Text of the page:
words & photography by tom johnson
The last decade has seen a swelling of European festivals appealing to UK crowds, a huge number of events grabbing onto the coattails of Primavera, Benicassim, and many more, often curating interesting line-ups in far more interesting spaces than a muddy field in England. At the peak of their powers, La Route Du Rock was often pitched as the pinnacle of such a movement, teaming up with Brittany Ferries to offer affordable travel from the UK’s south coast to Northern France with its sunny beaches and plentiful seafood.
The world is a different place in 2019, and even though this is our first visit to the rocky road something feels somewhat…changed. Insider info tells us that the festival is being run by a new team for 2019 and that cutbacks have had to have been made across-the-board. There are hints of this belt-tightening across the weekend, perhaps most notably in the line-up itself. Where previous events have boasted the likes of Nick Cave, PJ Harvey, The Smashing Pumpkins, Patti Smith, Sonic Youth, Sigur Ros, Portishead, this year’s top billing of Tame Impala, Metronomy, and Hot Chip (who were bumped up after Beirut pulled-out) looked, in advance, very safe and somewhat underwhelming – and so it proved to be.
In this age of the non-headliner, however, there were a number of gems to be found in the undercard – and it’s there that the true spirit of La Route Du Rock was found.
The uncharacteristically dreary weather added a sense of melancholy for both Hand Habits and Andy Shauf’s Foxwarren project, both acts performing beautifully wholesome, early-evening sets amid a swirl of warm drizzle and fading light.
Higher up the bill, Deerhunter are on brilliant form in Sunday’s rain, Bradford Cox playing up to the crowd in a bright yellow raincoat as he and his band deliver a punchy and vibrant run-through of their greatest hits; a reminder of just how special they can be, while Idles conjure up the kind of heart-swelling recklessness that they’ve become so adept at, stirring up an energy that sweeps across the whole site as the sun goes down. Elsewhere, both black midi and Pottery have enough vigour and spirit to justify their flourishing reputations.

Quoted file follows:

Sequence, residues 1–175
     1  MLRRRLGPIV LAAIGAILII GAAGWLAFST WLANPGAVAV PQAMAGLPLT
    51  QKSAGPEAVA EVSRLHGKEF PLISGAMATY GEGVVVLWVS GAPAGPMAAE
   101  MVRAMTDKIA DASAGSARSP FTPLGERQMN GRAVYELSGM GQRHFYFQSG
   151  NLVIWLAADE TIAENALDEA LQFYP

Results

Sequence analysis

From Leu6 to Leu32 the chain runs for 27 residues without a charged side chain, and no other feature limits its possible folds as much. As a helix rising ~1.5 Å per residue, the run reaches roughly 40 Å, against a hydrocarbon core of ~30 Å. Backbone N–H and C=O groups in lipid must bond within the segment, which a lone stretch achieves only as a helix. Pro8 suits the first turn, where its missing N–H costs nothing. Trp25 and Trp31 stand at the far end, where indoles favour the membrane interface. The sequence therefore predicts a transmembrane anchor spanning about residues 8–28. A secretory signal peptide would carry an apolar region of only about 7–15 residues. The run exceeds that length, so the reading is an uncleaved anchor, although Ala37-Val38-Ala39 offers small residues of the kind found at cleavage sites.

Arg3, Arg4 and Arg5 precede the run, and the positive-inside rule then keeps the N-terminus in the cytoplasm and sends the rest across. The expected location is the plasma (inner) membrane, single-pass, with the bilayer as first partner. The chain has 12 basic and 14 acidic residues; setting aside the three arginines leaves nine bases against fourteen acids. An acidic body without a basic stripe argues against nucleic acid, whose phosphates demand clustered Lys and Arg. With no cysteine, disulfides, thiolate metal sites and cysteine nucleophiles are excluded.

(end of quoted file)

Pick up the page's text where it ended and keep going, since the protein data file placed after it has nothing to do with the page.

The highlight of the whole week, however, wasn’t even a part of the main festival; the Wednesday opening-night club show that grouped together Anna St Louis’ hushed alt-country, best-band-in-the-world-right-now Big Thief, and the mighty Sharon Van Etten proved to be an electrifying reminder of just how crucial curation is when it comes to live music. Quite why none of these three acts were booked for the main event, when there could be legitimate questions asked about representation across the whole weekend, isn’t obviously explained but their presence is certainly missed during the main-stage lulls, of which there are unfortunately a fair few across its three days.
There is a lot to love about La Route Du Rock. The crowd is both friendly and engaged from start-to-finish (nowhere near a given at any festival). The two-stages-facing-each-other setup means there is barely any waiting time between performances, and very little trudging around to do – a trend which should be followed wherever possible. And there’s enough gold in the line-up to still make it a notable date on the calendar. Whether it returns to its mega-act heyday remains to be seen, and that will probably dictate how big a crowd it draws from outside of Northern France. Whether they’re still fussed about such a thing is perhaps another question entirely.